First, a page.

Palestine Jan 2013 : G4S and the E1 settlement expansion
January 11, 2013 - E1 stands for East-1, the area of the Israeli-occupied West Bank to the north-east of Jerusalem, to the west of the illegal settlement of Maale Adumim. In 1994, Yitzhak Rabin unilaterally expanded the borders of Maale Adumim, the third largest settlement in the West Bank, to include the E1 area. The development plans are illegal under international law.
In 2004, under the Sharon government, the Israeli Ministry of Construction began work on the infrastructure in E1. In 2006, the Ministry began building a new police station on the hill overlooking Route 1 in the valley below, and Maale Adumim above it.
G4S Israel provided security equipment to the E1 police station, which is now the headquarters of the Judaea and Samaria Police Department. The police department, established as a result of the Oslo accords, cemented the existence of two distinct legal systems in the West Bank, Israeli civilian law for the settler population and military law for the Palestinian population (see Who Profits, The Case of G4S, pp22).
By providing services to this police station, situated on occupied territory, G4S, the largest security company in the world, has once again demonstrated a complete disregard for international law.
The company also provides equipment and services to Israeli checkpoints in the West Bank and Gaza, to Israeli prisons and businesses operating branches in Israeli settlements.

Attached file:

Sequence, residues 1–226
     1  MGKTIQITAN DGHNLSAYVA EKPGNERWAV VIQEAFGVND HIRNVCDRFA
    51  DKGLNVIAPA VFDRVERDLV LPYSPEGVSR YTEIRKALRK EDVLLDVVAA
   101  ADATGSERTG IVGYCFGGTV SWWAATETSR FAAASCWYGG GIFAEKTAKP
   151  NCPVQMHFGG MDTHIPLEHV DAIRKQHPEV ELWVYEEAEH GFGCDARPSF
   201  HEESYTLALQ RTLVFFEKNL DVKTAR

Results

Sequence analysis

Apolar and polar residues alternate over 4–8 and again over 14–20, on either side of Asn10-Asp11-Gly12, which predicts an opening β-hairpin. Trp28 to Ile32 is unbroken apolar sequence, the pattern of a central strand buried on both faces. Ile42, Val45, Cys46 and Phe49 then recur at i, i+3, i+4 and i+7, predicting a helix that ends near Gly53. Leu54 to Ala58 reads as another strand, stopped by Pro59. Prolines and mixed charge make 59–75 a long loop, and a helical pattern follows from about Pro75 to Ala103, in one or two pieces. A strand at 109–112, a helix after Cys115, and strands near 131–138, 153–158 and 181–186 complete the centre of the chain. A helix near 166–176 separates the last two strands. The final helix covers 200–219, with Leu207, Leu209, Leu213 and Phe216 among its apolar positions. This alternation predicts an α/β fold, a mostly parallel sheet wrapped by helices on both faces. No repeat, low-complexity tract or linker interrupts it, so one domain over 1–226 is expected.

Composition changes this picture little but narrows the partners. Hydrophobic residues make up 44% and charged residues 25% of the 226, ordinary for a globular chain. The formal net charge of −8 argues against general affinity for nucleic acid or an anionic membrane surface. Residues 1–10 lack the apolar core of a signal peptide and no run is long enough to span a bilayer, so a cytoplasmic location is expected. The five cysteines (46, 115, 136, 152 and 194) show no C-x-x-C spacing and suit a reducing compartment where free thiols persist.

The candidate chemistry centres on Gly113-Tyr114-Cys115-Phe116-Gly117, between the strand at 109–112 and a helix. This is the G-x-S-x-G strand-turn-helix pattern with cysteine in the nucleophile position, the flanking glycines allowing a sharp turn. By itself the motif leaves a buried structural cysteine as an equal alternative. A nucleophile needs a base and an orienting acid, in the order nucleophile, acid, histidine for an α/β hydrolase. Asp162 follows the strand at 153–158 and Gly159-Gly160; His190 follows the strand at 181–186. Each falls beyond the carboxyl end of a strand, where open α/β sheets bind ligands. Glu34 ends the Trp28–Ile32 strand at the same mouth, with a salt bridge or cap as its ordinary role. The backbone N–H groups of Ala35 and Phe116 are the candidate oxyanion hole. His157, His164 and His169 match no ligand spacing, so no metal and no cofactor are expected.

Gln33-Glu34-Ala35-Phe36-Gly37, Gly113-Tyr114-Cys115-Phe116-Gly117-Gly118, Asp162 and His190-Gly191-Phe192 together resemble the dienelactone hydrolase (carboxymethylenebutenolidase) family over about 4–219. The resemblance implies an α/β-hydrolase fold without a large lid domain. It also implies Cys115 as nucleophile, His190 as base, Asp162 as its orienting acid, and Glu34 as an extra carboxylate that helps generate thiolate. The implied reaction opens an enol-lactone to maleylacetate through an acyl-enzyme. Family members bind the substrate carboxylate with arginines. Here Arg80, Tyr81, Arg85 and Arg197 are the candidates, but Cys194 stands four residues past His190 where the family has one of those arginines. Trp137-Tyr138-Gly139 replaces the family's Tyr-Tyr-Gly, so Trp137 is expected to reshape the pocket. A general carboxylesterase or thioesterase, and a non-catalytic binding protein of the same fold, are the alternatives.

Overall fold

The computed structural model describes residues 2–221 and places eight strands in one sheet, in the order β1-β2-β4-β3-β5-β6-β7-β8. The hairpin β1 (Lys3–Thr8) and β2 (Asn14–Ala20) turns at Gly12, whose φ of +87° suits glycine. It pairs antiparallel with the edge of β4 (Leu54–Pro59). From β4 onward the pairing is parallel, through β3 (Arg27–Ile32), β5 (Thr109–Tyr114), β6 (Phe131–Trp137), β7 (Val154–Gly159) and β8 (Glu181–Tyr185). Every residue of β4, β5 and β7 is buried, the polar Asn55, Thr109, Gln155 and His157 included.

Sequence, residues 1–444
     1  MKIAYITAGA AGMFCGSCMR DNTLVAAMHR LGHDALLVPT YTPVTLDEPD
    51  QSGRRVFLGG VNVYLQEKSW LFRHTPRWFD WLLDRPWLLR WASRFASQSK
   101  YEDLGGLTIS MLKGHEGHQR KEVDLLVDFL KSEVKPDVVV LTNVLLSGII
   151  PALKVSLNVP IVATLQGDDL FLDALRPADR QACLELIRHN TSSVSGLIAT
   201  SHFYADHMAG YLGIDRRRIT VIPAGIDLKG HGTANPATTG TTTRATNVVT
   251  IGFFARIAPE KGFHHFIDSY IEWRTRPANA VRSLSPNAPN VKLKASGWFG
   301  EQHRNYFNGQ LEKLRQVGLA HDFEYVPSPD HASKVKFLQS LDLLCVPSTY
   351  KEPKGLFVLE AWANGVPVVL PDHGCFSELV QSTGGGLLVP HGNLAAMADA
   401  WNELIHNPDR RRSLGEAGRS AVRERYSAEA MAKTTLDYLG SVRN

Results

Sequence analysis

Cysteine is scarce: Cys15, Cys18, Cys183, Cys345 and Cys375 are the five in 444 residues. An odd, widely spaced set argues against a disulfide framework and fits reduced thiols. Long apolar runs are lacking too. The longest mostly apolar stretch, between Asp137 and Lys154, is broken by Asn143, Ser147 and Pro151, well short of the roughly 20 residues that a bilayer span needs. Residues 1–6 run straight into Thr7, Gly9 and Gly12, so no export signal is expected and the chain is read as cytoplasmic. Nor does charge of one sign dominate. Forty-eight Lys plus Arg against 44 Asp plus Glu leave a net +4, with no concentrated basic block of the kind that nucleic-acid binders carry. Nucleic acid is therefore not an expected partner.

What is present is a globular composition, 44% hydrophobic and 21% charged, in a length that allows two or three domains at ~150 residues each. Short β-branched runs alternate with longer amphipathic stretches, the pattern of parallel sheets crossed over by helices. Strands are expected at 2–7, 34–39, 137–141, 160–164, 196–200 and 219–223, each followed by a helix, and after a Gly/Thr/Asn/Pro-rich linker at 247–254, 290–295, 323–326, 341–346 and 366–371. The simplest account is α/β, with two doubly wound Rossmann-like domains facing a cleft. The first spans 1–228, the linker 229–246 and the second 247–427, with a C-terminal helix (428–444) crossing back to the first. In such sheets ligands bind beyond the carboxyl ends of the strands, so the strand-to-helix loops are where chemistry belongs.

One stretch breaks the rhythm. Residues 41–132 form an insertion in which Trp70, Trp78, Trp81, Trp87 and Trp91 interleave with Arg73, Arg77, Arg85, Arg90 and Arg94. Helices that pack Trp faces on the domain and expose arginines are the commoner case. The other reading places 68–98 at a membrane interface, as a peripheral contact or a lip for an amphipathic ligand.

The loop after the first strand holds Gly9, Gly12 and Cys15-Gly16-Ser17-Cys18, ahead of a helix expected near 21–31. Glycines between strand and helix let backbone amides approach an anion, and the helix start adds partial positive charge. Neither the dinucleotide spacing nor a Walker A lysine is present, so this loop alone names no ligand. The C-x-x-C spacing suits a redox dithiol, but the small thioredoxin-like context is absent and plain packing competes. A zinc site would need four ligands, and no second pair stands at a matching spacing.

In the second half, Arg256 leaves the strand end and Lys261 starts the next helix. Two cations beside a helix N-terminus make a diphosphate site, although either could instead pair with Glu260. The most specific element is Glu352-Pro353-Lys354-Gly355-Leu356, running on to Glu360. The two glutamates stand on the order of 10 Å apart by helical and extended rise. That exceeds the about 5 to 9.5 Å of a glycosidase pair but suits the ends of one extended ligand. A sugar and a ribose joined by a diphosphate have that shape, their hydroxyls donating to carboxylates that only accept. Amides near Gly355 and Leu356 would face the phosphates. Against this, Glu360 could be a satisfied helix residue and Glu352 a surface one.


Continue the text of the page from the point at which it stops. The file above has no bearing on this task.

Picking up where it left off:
In November 2012, in response to the Palestinian Authority's successful bid for non-member observer status at the United Nations, Benjamin Netanyahu announced that the E1 expansion would go ahead.
The E1 area, empty save for the police station, covers roughly 12 square kilometres. If developed by Israel, it will further consolidate Israeli control of the area from Maale Adumim, to the settlement industrial zone of Mishor Adumim and Kfar Adumim settlement.
This control will come at a cost to Jahalin Bedouin living inside and on the outskirts of the E1 area, who are being moved into areas comparable to reservations. The Jahalin were forced to leave their homes in the Naqab (Negev) due to the Israeli land grabs during the 1948 ethnic cleansing. The ethnic cleansing continues to this day. Many Jahalin have already been moved to an area near Abu Dis, next to the Jerusalem Municipal Rubbish Dump. The Israeli Civil Administration is now seeking new areas to move the Jahalin to, thereby removing one of the few obstacles to its goal of territorial contiguity between Jerusalem and the Jordan Valley.